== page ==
Along with the statement of cash flows and income statement, the balance sheet is one of the three most important documents used by investors to understand the financial condition of a company. Structurally, the balance sheet is relatively simple in concept. Every company's balance sheet is comprised of three elements:
Assets: often defined as an economic resource which is owned by the corporation and is expected to provide future benefits to its operation. Accounting rules allow assets to take two forms: Tangible Assets, which have a physical form such as a building or a piece of machinery. Intangible Assets, which usually involve a legal right or claim such as a patent.
Liabilities: these are the debts of a corporation. Nearly all businesses have liabilities; even the most successful and profitable of companies will make purchases on credit. Most companies also find it desirable to borrow money as a means of expanding operations more rapidly. Typical liabilities of the company include long-term debt, notes payable, and accounts payable.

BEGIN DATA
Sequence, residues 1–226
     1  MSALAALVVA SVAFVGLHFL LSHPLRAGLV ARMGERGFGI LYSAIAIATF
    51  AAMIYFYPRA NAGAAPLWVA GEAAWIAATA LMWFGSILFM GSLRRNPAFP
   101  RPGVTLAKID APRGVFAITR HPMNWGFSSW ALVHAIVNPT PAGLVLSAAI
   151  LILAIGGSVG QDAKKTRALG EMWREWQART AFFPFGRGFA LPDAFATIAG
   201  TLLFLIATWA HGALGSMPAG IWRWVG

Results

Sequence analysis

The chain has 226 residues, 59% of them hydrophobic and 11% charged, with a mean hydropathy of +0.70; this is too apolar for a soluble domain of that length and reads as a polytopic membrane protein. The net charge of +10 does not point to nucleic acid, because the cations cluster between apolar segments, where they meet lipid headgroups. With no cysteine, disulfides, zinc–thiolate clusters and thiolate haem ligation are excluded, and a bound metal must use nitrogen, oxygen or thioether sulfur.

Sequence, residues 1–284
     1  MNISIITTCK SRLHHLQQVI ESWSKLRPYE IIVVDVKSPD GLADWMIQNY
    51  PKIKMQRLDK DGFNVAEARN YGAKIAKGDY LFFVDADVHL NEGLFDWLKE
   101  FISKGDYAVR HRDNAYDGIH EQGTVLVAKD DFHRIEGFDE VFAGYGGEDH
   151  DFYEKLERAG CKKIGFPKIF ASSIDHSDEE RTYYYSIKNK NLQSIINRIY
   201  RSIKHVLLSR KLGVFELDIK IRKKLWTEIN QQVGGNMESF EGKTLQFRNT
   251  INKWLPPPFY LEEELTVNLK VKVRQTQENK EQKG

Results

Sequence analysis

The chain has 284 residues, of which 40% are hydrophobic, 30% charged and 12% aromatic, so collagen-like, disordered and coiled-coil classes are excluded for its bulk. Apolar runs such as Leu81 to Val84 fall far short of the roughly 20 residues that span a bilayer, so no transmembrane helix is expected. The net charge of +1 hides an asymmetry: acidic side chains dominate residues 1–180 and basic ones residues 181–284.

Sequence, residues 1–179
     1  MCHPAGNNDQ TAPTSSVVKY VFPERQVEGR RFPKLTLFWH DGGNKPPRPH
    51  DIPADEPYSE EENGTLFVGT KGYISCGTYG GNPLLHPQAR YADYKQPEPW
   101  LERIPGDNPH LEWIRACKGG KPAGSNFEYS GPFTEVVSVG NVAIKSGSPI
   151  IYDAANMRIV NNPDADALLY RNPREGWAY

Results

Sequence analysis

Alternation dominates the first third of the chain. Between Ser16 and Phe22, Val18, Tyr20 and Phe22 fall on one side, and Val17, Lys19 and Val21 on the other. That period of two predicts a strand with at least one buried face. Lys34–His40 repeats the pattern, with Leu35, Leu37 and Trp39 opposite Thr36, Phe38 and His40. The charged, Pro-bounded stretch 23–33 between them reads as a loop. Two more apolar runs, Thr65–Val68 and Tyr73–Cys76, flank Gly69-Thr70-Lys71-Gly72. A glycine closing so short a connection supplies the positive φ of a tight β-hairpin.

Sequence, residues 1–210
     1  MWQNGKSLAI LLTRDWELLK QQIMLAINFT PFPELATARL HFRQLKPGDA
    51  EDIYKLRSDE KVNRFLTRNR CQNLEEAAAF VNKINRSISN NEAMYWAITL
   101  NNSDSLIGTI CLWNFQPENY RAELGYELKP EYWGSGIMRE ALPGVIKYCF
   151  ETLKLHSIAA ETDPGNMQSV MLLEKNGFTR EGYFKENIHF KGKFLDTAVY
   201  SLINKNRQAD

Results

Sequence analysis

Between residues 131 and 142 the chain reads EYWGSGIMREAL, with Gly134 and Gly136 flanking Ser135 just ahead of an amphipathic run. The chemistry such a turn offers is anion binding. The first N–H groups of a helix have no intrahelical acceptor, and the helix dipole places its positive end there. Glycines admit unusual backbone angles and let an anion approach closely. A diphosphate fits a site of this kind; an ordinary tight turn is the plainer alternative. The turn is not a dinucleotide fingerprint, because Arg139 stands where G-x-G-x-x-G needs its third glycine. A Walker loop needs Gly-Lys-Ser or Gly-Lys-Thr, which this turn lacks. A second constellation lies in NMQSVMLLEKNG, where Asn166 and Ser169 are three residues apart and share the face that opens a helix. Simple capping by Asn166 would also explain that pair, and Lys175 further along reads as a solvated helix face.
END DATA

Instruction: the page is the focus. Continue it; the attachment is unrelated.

Equity: also referred to as owner's equity and shareholder's equity, these are the resources that have been invested by the owners of the company. Increases in owner's equity comes from two sources: the initial and any additional investments by the owner, as well as earnings resulting from the profitable operation of the company
The relationship of the above three elements in the balance sheet are as follows:
Assets = Liabilities + Owner's Equity
Generally, the importance of the balance sheet stems from its ability to allow investors to analyze the amount of debt a company is carrying relative to the investments it owns and the equity, or worth, of the company.
The balance sheet for this company is rather useless as their corporate aim was rapid growth. As a fashion retailer and their